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Chris and his wife Anna run the website WBKitchen making and selling GAPS legal snacks. He spent several years on the GAPS diet and found great healing for his digestive issues.
1. How long have you been on the GAPS diet?
I have been on the GAPS diet since right after Thanksgiving in 2010.
2. What was going on that made you decide to pursue the diet?
I was having severe stomach pain and bloody stools for a little over a year and it progressively got worse. I had tried gluten free diets and then removed a few grains but still had major symptoms. I went to the doctors and hospital and they could not find anything wrong with me. They did colonoscopy, sonogram, and blood tests and said I looked perfectly healthy. I was in so much pain I thought I had cancer or was dying. I was recommended to a group of MD’s who had become more concerned with lifestyle and dietary changes in their practice and they and their nutritionists suggested the GAPS diet. I thought it was crazy but my wife researched it and put me on it. I did the GAPS maintenance diet (Full GAPS) for a few months to adjust and then I went on the intro diet. Over time I slowly worked my way into the GAPS maintenance again.
3. Did you start with Full GAPS or Intro first? How long have you been on each?
I started Full GAPS and then did Intro a few months later. I am still doing a modified GAPS diet that works well for me. I still cannot handle dairy regularly.
4. What kind of progress or healing have you seen?
My progress has been amazing. Within a few weeks of being on the intro diet all of my symptoms disappeared. There were a few weeks where I felt horrible and lost a lot of weight. My body was just detoxing on a whole new level.
5. What other strategies have you implemented along with GAPS? Why?
I incorporated a consistent exercise routine. I do Cross Fit 3-4 times a week and hike with the dogs regularly. I wanted to feel strong and feel like I could tackle lifes challenges. I also meditate twice daily, but I have been doing this for 8+ years.
6. Are you off the GAPS diet?
I am still on the GAPS diet, but I just don’t do very much dairy and I will only eat a small amount of peanuts. I still drink broth almost daily. Broth is the most important piece in my opinion. I als think people should take fermented fish oil every day. I take it every day and I would put it in as my second secret weapon beneath homemade bone broth.
7. Are there areas where you have not seen healing so far?
No. I only have issues if I stray from what I know my body likes. I can also have minor cheats occasionally and not have any negative consequences.
8. What has been the hardest thing about following the GAPS diet?
The hardest part about GAPS was in the beginning. It was like quitting a drug habit getting off all of my old favorite foods. I was a candy and bread addict for sure. It was painful to be confronted with all of the psychological aspects of my food addictions. I was using food to avoid parts of myself that were not pleasant to acknowledge and deal with. It has and still does require confronting unpleasant parts of my psyche (shadow pieces) and learning to integrate them in appropriate and healthy ways. Also explaining to others was just frustrating. Having to make all of your food is rather challenging. I am lucky to have a background in the culinary arts and cooking. So cooking all my own food was fun, exciting, and inspiring. It challenged me in the kitchen again. It required me to rethink my recipes and attitude towards food. It rekindled my passion for cooking.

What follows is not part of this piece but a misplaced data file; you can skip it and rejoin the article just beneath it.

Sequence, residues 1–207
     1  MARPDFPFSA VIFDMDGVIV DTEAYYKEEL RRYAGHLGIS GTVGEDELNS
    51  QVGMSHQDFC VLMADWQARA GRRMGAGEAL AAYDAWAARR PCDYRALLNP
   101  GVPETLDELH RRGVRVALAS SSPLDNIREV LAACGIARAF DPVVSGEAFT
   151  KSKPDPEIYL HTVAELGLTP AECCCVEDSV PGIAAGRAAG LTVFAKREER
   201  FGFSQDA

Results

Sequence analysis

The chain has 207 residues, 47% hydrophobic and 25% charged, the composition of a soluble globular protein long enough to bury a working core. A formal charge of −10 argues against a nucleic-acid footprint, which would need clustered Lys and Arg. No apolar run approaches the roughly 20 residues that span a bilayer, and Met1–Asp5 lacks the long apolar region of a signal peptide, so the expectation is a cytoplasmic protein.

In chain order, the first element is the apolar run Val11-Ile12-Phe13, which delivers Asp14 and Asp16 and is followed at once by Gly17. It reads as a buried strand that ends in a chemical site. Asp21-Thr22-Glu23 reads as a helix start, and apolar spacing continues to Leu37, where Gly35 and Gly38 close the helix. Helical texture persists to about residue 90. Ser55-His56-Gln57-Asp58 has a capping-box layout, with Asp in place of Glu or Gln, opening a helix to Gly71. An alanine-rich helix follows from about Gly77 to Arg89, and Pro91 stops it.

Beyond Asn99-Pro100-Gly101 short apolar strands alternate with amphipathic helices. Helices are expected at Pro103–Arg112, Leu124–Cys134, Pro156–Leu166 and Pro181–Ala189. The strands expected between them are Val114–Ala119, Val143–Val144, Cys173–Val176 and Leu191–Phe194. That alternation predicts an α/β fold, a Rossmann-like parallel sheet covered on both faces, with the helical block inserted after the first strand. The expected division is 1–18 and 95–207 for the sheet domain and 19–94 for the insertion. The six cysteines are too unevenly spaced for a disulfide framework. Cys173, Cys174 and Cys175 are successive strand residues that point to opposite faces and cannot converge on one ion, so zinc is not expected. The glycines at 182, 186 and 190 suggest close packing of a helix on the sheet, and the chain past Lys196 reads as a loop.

9. What has been the best thing about following the GAPS diet?
The best part about GAPS is knowing that I can feel good! I just thought feeling crummy all the time was normal and was the way things were. I had no idea how food affected me on all levels (physical, spiritual, psychological).
10. Do you have any advice for a person considering going on the GAPS diet?
Start slowly. Maybe cut out gluten first, then grains, then refined sugar, then dairy, etc. Trying to do it all at once seems very impractical especially if you are not near a bottom as far as your discomfort and quality of life goes. I would not have been successful if I had done so. See if someone will do it with you, especially a household member. It is not going to work so well if your partner or friends are always mocking you. GAPS can and will have a profound impact on your life. Food/diet can heal just about anything and GAPS makes it easy to do so. There is such a huge online community for resources and local groups are growing in size every year. People are out there with similar struggles as yourself and looking for their community just like you. You just have to take the plunge into vulnerability and find them. GAPS is not an easy task to undertake but well worth it. Once you notice the effects it is hard to go back. It is kind of like the dual edge blade of knowledge/enlightenment.
Since Chris and his wife Anna were cooking all of their own food they started to take stuff to parties and pot lucks so that they could have something to eat while they were there. People really liked some of the cookies they were making and said they should try selling them. Thus the birth of WB Kitchen happened. Chris would never have imagined that this is what he would be doing to make a living, but in a way it makes perfect sense!
Shared at Natural Family Friday, Wellness Wednesday.